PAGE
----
Haputale is a stunning mountainous town hidden in the hills. Situated at the far southern end of the hill country, it is usually a stopping point when visiting Horton Plains. The lush hue of tea bushes spread across the verdant landscape is its highlight, and the town is predominantly Tamil due to the large numbers of tea estate workers. Haputale to Nuwara Eliya, the highland’s principal city, is only an hour’s drive away and has a scenic railway journey too. Its location on a narrow mountain ridge provides sweeping views across the region, sometimes reaching as far as the southern coast of the island. Haputale weather is a refreshing and invigorating respite from the hot lowland.
It is Sri Lanka’s most impressive viewpoint and is named after Thomas Lipton, the pioneer of Ceylon Tea. On a clear day, it overlooks seven different provinces.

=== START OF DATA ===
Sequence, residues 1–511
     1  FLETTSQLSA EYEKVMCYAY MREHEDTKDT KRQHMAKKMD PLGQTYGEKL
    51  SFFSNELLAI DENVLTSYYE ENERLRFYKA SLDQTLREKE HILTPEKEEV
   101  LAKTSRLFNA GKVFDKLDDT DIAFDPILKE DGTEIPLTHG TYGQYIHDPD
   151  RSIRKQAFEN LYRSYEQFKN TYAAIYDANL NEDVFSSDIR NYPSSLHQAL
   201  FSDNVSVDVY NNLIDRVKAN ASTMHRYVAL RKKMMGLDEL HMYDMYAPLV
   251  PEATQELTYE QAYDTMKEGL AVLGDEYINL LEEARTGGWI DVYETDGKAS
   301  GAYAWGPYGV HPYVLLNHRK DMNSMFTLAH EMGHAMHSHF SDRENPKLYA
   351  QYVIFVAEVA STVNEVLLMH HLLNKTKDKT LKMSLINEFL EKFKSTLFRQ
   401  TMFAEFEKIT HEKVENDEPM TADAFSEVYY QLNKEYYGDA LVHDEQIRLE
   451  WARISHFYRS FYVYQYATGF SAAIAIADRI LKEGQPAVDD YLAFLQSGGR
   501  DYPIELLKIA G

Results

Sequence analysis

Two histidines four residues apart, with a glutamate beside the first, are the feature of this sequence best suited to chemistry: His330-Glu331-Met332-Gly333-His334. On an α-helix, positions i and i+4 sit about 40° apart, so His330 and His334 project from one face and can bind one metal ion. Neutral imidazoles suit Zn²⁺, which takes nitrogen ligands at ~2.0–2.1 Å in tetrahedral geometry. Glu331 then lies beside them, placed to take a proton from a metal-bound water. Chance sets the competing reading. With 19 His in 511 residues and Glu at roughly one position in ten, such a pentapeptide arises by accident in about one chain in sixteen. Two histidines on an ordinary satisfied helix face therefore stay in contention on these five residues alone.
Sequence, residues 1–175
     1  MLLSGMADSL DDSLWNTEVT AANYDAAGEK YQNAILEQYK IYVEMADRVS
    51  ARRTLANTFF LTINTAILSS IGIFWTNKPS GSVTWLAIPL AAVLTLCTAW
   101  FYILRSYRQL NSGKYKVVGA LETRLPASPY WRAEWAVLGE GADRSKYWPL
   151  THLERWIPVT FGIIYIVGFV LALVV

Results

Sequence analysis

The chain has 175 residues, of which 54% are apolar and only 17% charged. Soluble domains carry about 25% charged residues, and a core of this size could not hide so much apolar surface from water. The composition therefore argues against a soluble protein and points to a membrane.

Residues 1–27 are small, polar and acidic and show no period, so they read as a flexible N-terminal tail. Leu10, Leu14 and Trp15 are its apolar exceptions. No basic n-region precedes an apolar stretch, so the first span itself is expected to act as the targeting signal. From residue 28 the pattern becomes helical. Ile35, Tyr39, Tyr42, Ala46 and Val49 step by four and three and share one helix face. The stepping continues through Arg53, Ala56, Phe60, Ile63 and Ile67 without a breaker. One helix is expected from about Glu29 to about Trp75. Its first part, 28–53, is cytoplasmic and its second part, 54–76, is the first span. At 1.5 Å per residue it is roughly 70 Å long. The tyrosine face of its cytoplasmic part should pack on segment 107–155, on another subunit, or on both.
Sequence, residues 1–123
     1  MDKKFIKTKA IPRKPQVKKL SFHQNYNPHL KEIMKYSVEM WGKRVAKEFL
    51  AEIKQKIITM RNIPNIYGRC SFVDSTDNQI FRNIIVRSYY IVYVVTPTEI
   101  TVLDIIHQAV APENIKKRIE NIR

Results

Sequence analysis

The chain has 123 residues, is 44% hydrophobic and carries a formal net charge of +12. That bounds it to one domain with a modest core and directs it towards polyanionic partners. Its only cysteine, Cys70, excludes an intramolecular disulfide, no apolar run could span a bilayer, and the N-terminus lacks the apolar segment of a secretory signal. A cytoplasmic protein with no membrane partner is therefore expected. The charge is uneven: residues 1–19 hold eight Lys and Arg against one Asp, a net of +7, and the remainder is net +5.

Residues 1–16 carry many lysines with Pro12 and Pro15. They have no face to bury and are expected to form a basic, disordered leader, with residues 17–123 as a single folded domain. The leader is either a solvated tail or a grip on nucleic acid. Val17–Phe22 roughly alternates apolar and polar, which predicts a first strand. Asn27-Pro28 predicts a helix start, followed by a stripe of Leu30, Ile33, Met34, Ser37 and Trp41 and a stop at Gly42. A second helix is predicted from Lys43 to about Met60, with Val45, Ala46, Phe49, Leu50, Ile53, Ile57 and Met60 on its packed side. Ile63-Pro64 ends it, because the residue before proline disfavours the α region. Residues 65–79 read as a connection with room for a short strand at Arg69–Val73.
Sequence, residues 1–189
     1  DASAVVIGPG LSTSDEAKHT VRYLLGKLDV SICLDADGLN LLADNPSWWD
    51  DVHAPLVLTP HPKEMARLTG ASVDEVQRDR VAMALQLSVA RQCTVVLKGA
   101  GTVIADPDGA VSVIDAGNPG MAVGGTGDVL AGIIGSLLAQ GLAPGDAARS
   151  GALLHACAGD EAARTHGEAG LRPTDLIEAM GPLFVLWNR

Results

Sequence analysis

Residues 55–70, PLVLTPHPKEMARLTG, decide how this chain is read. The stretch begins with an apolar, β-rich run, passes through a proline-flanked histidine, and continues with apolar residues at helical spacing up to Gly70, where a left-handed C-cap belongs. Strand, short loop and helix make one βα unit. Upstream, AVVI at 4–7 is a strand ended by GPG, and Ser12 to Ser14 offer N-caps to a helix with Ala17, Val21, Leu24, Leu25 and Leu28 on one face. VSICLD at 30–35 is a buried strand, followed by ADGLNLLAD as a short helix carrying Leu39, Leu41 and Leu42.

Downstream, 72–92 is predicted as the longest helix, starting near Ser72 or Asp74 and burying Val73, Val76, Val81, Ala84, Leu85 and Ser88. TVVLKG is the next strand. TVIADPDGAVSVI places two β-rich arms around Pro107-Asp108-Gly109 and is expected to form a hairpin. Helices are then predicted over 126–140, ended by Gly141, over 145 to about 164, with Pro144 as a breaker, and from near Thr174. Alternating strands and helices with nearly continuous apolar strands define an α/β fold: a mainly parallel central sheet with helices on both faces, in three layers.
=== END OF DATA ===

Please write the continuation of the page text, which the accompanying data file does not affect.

This exquisite Benedictine monastery once belonged to tea planter Sir Thomas Lester Villiers. It is one of only 18 Sylvestrine monasteries in the world.
Built by Sir Thomas Lipton in 1890, this legendary factory allows you to watch fermentation, rolling, drying, cutting, sieving, and grading of tea.
It is a bird sanctuary and highland forest with a ridge-top walking trail. The sanctuary part of Glennanore Tea Estate is 131 hectares with rock cliffs.
This 2000-year old heritage Buddhist temple situated in an ancient village is famous for its unfinished Buddha rock carving and Kandyan era paintings.
It is the highest railway station and tunnel in Sri Lanka, standing at 6225ft above sea level. The train ride from Haputale to Ella is a breathtaking one.